Thrills in Laying Deep-Sea Cable Across the Atlantic (Jan, 1924)

Neal Stephenson wrote a huge travelogue for Wired in 1995 where he followed the progress of a new world girding fiber optic network being constructed. Along the way explores every aspect of the process and history behind laying communications cables underwater. It is a wonderfully interesting read and I highly recommend it.

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Thrills in Laying Deep-Sea Cable Across the Atlantic

WHILE, 57 years ago the world noted the fact that the steamship “Great Eastern” had completed its memorable work of connecting America with Europe by the first successful Atlantic telegraphic cable, the recent landing on the south shore of Long Island of a new line of communication attracted little attention.

Nevertheless, this latest undertaking marked the closer binding together of the New World and the Old, for, despite the advent of the wireless and the establish-ment of powerful radio stations, which are capable of spanning vast terrestrial distances, the fact remains that this newer method of electrical intercourse has not scrapped the older order of long-range telegraphy.

Traffic over the submarine cables linking North America with Europe has increased fourfold in the last decade, and yet, until recently, nothing has been done within that period to add to these undersea nerves of communication. The cost of the new cable, representing the present height of scientific knowledge concerning such things, has been put at $15,000,000; and to get it properly in place on the sea bed has required the service of specially constructed craft manned largely by a crew trained for that hazardous and extremely exacting work.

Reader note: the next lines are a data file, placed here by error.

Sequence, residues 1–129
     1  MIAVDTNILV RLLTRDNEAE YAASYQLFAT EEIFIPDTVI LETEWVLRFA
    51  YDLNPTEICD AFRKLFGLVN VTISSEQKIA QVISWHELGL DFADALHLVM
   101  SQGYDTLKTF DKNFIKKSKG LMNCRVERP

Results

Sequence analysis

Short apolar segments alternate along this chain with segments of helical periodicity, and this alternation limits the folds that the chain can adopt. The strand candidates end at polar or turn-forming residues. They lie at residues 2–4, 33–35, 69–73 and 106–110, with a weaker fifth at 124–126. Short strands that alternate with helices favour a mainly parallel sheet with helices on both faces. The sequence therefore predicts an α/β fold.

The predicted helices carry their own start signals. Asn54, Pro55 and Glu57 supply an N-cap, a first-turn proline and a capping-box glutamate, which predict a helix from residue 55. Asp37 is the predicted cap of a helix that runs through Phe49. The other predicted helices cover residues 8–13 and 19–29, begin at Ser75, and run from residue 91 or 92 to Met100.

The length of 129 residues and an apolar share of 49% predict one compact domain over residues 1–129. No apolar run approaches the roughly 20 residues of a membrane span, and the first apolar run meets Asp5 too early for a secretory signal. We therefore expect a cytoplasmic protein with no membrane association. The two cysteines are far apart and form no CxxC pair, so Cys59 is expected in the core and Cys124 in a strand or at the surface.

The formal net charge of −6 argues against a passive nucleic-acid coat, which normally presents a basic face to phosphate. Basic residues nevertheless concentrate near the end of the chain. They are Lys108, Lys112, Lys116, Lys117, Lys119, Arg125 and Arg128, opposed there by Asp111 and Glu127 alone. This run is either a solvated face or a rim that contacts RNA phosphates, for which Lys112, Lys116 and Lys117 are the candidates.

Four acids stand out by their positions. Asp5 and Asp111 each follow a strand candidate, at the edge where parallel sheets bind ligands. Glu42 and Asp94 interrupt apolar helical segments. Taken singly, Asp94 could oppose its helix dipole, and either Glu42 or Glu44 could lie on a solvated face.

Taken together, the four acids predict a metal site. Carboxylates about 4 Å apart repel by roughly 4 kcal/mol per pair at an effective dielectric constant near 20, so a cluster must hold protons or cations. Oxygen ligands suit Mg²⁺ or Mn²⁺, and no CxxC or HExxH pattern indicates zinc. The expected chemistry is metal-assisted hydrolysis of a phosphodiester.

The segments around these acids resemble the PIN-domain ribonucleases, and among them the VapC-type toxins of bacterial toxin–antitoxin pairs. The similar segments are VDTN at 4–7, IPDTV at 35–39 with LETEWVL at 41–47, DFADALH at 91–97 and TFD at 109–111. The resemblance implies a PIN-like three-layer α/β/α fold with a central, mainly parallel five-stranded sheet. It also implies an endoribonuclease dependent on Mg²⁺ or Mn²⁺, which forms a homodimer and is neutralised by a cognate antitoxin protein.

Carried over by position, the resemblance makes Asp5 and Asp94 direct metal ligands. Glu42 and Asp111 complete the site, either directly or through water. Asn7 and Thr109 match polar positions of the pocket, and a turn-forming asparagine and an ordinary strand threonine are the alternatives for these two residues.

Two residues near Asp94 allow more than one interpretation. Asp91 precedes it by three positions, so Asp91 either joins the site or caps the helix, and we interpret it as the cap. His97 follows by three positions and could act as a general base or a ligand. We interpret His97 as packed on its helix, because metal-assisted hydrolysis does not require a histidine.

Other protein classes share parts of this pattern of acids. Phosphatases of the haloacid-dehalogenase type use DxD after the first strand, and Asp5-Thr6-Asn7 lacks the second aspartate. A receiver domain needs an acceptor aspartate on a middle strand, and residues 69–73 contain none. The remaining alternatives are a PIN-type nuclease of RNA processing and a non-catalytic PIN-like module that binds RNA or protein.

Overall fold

Few persons realize what painstaking skill is required in building a submarine cable properly insulated and duly armored with a wrapping of steel wires, strong enough to withstand the rub of a rocky bottom and the continual sweep of tidal currents. Not only that, but this conduit, by which the feeble electrical impulses carry the daily heartbeats of national life from shore to shore,must be proof against the penetrating persistence of deep-sea worms, and sufficiently sturdy to hold its own against attack of swordfish and other large denizens of the ocean. Should it break or be severed, when once in place, the task of picking up the parted sections, or of raising the defective cable at the right point, may require grappling for it miles below the surface and sweepingwide areas of the sea. In short, the story of cable-laying is an epic well calculated to hold one spellbound.

Life aboard a cable-laying vessel is filled with excitement. Off the coast of Spain, recently, two tons of oysters were hauled on board an Eastern Telegraph Company boat, when a cable was pulled up for mending and had to be hacked off before the repair could be effected. Again, in the Gulf of Suez, a cable was brought up coiled around the body of a small whale. Sponges, coral, old fishing nets, and all sorts of shells are brought to the surface, and the refuse of civilization, washed down the rivers into the sea, has been picked up as far as SCO miles from land.